Theory and computer simulation of interactions between lipid membranes and nano-objects
Modelling of interactions of nanostructured surface patterns with cells and proteins
Development of new scientific methods and efficient parallel codes for GPU using CUDA and machine learning. (Recent publications)
The direct proof of this size-dependent translocation was provided by an in situ observation of a single event of a nanoparticle quitting the bilayer. We identified the threshold size for translocation: nanoparticles with diameters <5 nm stay trapped in the bilayer, whereas those with diameters >5 nm insert into the bilayer. (Science Advances DOI: 10.1126/sciadv.1600261).
The nanopattern on the surface of Clanger cicada wings represents the first example of a new class of biomaterials that can kill bacteria on contact based solely on their physical surface structure. We propose a biophysical model of the interactions between bacterial cells and cicada wing surface nanopatterned structure. (Nature DOI: 10.1038/nature.2013.12533)
First reported physical bactericidal activity of black silicon nanopattern. We show that the nanoprotrusions on the surfaces of black silicon structures generate a mechanical bactericidal effect, independent of chemical composition. It represents an excellent prospect for the development of a new generation of mechano-responsive, antibacterial nanomaterials. (Nature Com. DOI: 10.1038/ncomms3838).
We find that the energy cost of the bilayer rupture is quite high compared to that of the energy of thermal motion. This conclusion may indirectly support other energy-dependent translocation mechanisms, such as, for example, endocytosis. (ACS Nano DOI: 10.1021/nn1016549).
Together with Prof. Elena Ivanova from RMIT University, Australia, we develop theoretical models to understend the mechanism of bacteria killing mechanism due to mechanical cell rupture by nanostructures. The goal of this project is to identify the criteria for cell toxicity and biocidal activity of a nanopatterned surfaces.
Dragonfly expedition to Massif Els Ports in collaboration between Museu de les Terres de l'Ebre, Amposta and Universitat Rovira i Virgili, Tarragona.
SCMF method is one of the theoretical tools exploited in the Soft Matter theory group in Tarragona. The SCMF theory describes a single molecule surrounded by the mean fields. It takes explicitly into account the structure of an individual molecule at a coarse-grained level similar to coarse-grained MC or MD simulations.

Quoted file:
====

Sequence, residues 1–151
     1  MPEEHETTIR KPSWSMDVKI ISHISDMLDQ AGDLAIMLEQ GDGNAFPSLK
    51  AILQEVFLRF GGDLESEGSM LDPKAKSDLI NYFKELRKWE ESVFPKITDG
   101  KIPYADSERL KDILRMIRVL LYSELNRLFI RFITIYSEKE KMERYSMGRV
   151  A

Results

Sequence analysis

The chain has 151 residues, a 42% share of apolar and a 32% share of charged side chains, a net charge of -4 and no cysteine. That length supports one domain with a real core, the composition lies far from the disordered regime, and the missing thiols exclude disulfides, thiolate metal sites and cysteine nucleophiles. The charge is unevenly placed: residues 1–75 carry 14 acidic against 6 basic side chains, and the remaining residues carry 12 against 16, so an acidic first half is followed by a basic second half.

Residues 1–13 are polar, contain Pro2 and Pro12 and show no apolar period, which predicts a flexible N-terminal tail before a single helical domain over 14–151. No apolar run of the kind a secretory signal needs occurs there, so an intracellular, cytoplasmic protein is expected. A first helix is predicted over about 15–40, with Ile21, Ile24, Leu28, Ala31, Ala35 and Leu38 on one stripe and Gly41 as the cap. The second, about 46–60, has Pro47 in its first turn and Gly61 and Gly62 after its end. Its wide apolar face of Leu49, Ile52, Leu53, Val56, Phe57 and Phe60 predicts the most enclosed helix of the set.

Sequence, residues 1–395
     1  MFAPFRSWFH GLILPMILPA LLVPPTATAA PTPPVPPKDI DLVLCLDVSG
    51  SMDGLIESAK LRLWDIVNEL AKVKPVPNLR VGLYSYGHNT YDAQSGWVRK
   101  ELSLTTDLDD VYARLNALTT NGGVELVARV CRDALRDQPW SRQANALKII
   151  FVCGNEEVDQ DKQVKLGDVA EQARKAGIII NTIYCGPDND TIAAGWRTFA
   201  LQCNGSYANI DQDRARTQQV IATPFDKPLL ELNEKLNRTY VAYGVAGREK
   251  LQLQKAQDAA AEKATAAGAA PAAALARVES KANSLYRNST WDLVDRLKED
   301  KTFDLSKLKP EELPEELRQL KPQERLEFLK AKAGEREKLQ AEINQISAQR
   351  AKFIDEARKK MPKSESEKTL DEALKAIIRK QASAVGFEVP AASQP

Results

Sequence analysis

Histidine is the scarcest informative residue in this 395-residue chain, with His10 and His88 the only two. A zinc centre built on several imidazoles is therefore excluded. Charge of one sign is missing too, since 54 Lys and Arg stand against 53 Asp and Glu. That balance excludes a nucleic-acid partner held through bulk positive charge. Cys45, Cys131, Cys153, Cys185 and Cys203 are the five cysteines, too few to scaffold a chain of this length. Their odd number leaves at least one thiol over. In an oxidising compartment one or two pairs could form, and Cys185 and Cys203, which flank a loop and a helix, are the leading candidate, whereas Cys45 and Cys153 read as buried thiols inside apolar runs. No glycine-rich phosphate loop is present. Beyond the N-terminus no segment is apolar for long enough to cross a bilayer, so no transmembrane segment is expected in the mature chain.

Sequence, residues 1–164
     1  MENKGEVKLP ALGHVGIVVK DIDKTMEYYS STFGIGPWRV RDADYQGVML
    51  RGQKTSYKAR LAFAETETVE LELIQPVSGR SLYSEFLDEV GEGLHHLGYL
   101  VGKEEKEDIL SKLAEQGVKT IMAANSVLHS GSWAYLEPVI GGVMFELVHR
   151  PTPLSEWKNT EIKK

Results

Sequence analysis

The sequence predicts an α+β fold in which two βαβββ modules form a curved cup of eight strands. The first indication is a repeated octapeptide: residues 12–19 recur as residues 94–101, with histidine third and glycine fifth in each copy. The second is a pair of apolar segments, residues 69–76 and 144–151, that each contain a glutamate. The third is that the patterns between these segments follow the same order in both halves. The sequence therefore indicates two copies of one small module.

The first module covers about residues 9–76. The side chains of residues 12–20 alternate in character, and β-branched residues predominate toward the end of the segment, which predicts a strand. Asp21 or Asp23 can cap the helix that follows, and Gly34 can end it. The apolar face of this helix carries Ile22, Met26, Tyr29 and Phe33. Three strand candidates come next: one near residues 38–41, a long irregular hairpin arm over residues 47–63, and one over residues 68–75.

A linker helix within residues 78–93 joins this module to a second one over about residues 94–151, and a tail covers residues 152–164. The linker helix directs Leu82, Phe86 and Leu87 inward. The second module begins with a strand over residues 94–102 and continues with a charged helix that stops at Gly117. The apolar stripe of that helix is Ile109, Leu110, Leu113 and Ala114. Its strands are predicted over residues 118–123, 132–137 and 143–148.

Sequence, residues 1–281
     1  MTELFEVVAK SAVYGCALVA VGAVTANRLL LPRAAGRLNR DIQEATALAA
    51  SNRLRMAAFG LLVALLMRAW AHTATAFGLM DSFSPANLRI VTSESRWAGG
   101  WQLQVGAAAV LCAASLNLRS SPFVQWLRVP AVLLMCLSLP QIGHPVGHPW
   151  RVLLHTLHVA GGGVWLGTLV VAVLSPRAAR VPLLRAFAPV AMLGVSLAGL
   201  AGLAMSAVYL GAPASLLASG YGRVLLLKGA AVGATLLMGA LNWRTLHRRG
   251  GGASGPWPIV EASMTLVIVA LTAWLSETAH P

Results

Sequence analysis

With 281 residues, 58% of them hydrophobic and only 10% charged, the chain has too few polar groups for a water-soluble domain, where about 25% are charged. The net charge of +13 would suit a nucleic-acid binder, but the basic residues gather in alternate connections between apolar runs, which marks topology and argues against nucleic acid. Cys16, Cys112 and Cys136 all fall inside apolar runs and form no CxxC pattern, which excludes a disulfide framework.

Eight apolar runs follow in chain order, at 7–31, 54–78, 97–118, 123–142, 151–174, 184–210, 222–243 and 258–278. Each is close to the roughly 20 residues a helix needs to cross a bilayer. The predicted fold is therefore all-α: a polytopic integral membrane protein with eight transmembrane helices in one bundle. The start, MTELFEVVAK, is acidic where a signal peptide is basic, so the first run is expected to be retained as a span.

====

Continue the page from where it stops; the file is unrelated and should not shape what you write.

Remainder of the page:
The SCMF theory is particularly suitable for the description of nano-objects like polymeric drug carriers: it gives a detailed microscopic information on the configurations of the chains, the optimal shape and structure of drug delivery systems, the distribution of chains in the aggregate, the critical micellar concentrations as well as the critical aggregation concentration, the optimal aggregation number and the size distributions.
Suggested mechanism of a lipid-covered hydrophobic nanoparticle spontaneously crossing lipid bilayer. In contrast to expectations, we demonstrate that lipid-covered hydrophobic nanoparticles may translocate through lipid membranes by direct penetration within milliseconds. We identified the threshold size for translocation: nanoparticles with diameters smaller than 5 nm stay trapped in the bilayer, whereas those with diameters larger than 5 nm insert into the bilayer, opening pores in the bilayer.
We demonstrate an efficient method of polymer conformations generation massively in parallel. The mean field nature of the method allows for discarding the correlations between molecules, thus eliminating the need of communication between the cores. The method allows for evolutionary optimization of a molecule's architecture for biotechnological applications.
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